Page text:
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The Rise Of Political Lying

3.95  ·  Rating details ·  58 ratings  ·  6 reviews
Being economical with the truth has become almost a jokey euphemism for the political lie - a cosy insider's phrase for the disingenuousness that is now accepted as part and parcel of political life. But as we face the 3rd term of a government that has elevated this kind of economics almost to an art form, is it now time to question the creeping invasion of falsehood? What ...more
Paperback, 317 pages
Published April 11th 2005 by Simon & Schuster
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3.95  · 
Rating details
 ·  58 ratings  ·  6 reviews


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Nick
Jun 23, 2013 rated it really liked it
Brilliant denunciation of the political class and the systematic destruction of truth in our public debate. Chilling.
BeesReads
May 14, 2018 rated it it was amazing
Shelves: 2018, non-fiction
This book was written in 2005 by political journalist Peter Oborne as the British 'New Labour' government was drawing to the end of its second term and about to win its 3rd term.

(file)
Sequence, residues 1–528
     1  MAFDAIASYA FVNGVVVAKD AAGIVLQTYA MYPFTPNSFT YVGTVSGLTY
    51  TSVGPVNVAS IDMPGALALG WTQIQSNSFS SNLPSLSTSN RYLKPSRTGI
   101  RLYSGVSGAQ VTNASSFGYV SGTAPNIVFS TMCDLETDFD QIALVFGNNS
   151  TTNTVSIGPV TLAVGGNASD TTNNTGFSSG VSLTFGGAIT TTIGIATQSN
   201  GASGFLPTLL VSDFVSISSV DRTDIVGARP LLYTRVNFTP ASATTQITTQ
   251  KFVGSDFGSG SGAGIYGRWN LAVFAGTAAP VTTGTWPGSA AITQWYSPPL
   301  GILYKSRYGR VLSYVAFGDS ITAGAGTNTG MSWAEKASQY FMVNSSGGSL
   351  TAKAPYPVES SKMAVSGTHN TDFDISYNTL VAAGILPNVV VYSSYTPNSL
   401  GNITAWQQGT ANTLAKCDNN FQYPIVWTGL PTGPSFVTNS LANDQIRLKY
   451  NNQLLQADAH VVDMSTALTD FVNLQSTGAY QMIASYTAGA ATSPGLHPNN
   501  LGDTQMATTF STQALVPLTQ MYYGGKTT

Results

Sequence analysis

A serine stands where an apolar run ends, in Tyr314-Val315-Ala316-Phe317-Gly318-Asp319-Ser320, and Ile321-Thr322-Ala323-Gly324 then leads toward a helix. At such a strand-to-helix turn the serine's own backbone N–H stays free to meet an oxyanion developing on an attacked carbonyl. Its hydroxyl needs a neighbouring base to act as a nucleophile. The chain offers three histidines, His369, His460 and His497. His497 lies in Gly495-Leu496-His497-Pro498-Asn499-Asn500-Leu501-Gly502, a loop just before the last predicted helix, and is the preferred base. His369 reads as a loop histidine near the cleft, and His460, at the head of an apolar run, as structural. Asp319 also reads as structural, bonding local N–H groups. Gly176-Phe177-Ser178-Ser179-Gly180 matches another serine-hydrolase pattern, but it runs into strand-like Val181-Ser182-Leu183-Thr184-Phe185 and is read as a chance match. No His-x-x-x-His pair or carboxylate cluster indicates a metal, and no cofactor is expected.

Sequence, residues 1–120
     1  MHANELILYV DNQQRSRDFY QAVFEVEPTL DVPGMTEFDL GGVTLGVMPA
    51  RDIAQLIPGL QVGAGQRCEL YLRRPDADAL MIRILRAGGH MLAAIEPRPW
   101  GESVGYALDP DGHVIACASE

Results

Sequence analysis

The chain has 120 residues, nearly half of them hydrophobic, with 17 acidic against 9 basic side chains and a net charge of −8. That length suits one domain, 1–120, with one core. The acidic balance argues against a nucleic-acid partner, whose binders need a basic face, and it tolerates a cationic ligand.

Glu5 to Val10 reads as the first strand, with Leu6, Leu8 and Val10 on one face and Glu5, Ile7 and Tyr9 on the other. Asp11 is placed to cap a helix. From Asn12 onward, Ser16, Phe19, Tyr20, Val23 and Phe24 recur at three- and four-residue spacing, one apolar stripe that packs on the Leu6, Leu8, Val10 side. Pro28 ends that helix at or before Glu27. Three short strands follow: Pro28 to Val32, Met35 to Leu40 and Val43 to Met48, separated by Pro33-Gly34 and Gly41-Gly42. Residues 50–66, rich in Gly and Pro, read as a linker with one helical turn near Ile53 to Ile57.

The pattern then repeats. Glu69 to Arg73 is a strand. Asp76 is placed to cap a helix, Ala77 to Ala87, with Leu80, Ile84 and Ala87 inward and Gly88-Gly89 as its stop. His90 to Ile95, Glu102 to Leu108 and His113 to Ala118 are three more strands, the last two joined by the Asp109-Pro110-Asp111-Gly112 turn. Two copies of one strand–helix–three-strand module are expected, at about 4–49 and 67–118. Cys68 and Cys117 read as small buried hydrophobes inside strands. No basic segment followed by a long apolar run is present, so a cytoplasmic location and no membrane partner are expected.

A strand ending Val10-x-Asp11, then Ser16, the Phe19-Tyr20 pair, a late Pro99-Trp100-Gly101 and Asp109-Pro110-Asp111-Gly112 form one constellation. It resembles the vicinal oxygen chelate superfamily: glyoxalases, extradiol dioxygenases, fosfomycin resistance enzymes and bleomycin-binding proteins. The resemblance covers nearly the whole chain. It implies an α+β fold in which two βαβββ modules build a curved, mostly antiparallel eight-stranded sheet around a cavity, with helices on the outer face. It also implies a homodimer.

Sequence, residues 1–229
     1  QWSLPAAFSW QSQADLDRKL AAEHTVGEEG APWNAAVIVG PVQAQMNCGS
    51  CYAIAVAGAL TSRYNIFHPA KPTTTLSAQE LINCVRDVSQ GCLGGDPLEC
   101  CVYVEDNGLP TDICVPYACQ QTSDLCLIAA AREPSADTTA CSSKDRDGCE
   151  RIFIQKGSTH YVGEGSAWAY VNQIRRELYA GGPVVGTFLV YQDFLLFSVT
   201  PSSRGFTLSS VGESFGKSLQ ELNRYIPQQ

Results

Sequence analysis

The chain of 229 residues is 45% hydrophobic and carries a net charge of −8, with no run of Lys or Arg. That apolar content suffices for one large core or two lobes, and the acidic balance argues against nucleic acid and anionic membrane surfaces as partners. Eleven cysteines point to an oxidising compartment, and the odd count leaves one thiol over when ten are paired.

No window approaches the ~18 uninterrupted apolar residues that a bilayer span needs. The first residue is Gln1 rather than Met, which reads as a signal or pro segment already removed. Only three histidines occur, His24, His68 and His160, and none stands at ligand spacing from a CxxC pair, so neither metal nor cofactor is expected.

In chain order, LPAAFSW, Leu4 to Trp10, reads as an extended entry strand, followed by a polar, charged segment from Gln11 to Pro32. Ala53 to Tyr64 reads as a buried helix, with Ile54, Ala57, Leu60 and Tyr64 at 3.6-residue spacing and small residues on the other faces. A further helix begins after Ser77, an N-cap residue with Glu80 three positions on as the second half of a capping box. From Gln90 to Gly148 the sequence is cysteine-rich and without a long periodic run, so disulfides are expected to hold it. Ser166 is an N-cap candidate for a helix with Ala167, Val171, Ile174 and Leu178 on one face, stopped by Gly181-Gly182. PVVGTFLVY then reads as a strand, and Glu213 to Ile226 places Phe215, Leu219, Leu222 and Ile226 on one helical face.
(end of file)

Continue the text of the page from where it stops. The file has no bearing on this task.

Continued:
Political lying has taken place throughout the centuries. In the UK, it started to crank up with the Conservative governments of the 1980s and from the mid-90s, was elevated to an art form under the Blairite 'New labour' government. Now, of course, some 13 years after the book was written, political lying by government
...more
Tim
Jan 17, 2015 rated it really liked it
A good collection of modern political lying, focusing very much on the "new Labour" government that was still in power when it was published.

It has a couple of foibles: Oborne seems convinced that Blair's Labour were the first government in modern times to lie systematically. This seems naive (irrespective of the author's political sympathies, which I guess are conservative since he was a Spectator journalist at the time).

He drags in a bit of history and a bit of philosophy, appositely enough,
...more
severyn
Jan 12, 2013 rated it liked it
Oborne is so enormously precise in his dissection of political lying that I cannot help but be drawn to it.
Jessica Wilkins
Jan 26, 2015 rated it really liked it
Very insightful, even if Oborne does contradict himself at times. It is depressing though how little has changed since he wrote this around the early days of the New Labour government.
Steve
Apr 27, 2015 rated it it was amazing
Read long ago. V good
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